In my opinion, if he knew he fucked up, he should have just admitted guilt and taken the punishment! This scumbag only served 11 months for involuntary manslaughter! He was kept segregated from general population in jail, and did EASY time! He has since moved on with his life. I pray he has not landed in another police department!
If there is to be TRUE accountability for police, then when they lie and try to cover up OBVIOUS mistakes, they should be indicted for separate charges – such as perjury in this case. Murderer Mehserle’s cohorts, Marysol Domenici and Tony Pirone, were fired because they were accused of lying to cover this shooting up! Liar Domenici has been reinstated due to the efforts of her attorney.
Unfortunately, Oscar and his family can not move on with their lives. A brother, a father, a son, and a partner will no longer be coming home. He may not have been the most upstanding citizen, but he was relatively innocent on this night – the last night of his life! There was NO REASON he deserved to die!
If you’re a “good” police employee don’t sit by as your colleagues engages in actions that you know are wrong. Act according to your conscience, introduce accountability into what has tended to be closed ranks, and earn 500 FRNs.
1. You are a police employee
2. You decide not to sit by as a colleague violates another
3. You initiate a felony arrest
4. You are the first to let us know (via the form at http://CopBlock.org/Submit or an email at CopBlock@gmail.com)
5. You earn your choice of 500 FRNs or its Bitcoin equivalent
Of course, your name, the name of the person you arrest, and the incident that led to the felony arrest will be made public. Transparency, they say, is the best disinfectant.
The eight Los Angeles Police Department officers who mistakenly fired on two women during the manhunt for ex-cop Chris Dorner will be allowed to return to the field, upon completing additional training, according to LAPD Chief Charlie Beck. The incident occurred in February 2012, when police were protecting a potential Dorner target. One of the women was delivering newspapers with her 71-year-old mother, when a police officer thought the sound of a thrown newspaper hitting the pavement was a gunshot and opened fire. Other officers followed suit, shooting off more than 100 rounds. Both women survived with injuries. RT’s Ameera David talks to Pete Eyre, co-founder of CopBlock.org, a group that promotes police accountability, about this incident and other police-involved shootings around the country to see if police are above the law when it comes to shooting innocent people.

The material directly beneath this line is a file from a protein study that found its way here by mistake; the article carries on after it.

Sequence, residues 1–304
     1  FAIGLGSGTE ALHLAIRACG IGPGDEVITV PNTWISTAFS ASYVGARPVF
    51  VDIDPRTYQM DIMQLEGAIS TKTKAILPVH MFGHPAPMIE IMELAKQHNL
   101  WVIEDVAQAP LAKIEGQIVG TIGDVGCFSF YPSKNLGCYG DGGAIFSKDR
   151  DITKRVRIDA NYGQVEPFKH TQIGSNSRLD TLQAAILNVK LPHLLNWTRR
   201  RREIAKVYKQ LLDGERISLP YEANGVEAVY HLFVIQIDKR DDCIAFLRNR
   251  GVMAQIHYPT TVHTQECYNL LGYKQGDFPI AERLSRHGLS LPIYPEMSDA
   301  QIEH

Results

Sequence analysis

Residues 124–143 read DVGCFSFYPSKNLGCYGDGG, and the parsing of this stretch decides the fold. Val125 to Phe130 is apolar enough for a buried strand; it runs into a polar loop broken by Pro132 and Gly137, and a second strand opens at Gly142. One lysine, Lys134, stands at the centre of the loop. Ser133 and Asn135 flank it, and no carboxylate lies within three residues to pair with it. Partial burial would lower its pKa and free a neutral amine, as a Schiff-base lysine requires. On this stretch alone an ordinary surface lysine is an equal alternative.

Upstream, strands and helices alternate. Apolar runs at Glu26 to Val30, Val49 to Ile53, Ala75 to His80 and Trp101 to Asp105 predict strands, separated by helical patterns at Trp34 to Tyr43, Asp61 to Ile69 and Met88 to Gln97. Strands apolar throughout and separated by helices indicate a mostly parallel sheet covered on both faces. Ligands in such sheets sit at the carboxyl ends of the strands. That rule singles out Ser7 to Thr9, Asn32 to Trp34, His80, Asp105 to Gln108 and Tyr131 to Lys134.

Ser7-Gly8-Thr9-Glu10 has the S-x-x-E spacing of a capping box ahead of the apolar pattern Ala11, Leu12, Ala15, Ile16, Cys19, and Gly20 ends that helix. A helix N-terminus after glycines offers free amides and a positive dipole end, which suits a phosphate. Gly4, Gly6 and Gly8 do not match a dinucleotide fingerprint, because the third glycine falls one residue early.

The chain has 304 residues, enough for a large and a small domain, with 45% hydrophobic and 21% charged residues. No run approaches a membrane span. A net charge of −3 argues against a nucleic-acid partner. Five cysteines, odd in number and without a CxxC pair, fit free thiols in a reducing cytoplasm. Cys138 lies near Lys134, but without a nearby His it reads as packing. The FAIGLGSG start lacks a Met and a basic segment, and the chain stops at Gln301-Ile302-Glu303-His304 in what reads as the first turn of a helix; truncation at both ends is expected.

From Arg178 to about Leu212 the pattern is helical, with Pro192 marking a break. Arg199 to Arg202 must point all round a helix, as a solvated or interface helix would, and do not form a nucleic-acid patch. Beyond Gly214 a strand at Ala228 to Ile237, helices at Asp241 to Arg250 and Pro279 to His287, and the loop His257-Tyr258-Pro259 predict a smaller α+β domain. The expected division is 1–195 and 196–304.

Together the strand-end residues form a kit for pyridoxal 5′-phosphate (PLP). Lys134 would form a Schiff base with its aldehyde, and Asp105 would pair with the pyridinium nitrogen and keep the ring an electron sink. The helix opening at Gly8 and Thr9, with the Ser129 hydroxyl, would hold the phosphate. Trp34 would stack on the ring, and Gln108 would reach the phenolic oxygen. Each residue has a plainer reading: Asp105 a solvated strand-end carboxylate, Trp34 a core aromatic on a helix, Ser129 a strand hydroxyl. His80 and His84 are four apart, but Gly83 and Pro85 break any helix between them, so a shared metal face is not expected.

Ricky Pinzon shared the following via CopBlock.org’s submit page:
I was leaving work when I came into contact with Officer Bridges of the Los Angeles Police Department. The LEO saw that I had a container in my hand and assumed that it was an open alcoholic beverage. The beverage was concealed inside of a paper bag, and was not opened.
LEO Bridges said, “Come here,” and I chose to attempt to avoid contact with LEO Bridges; I attempted to walk away. LEO Bridges grabbed me and used unnecessary force, grabbing my jacket and demanding my ID. At the time of LEO Bridges’ assault, I informed him that I did not want him touching me. He then demanded that I show my ID to him to “prove’” that I am of legal drinking age. Being that California does not have an “ID yourself” law, I was not required to comply with this request. I demanded that he cite or show some kind of law that provides I must provide ID for carrying an unopened can of beer.
At this point, LEO Bridges detained me, unlawfully. Other LAPD LEOs arrived on the scene, including Sgt. Skinnor. I had a prior incident with Sgt. Skinnor, in August, because I was filming her and she didn’t like that. I reminded her that we’d met before and she acknowledged that she’d had contact with me in the past. At this point, the sergeant should have used her discretion and allowed me to leave the scene; instead, she threatened to use whatever force was needed to finish conducting their investigation.
Instead of respecting my constitutional rights, this officer allowed my rights to be violated. They took my ID and ran it through their database in hopes of find a warrant, etc. After determining that I was not a wanted criminal, my ID was handed back and I left. I was very hostile towards these officers, and the abusive and intimidating tactics used by these LEOs helped contribute to my irate behavior.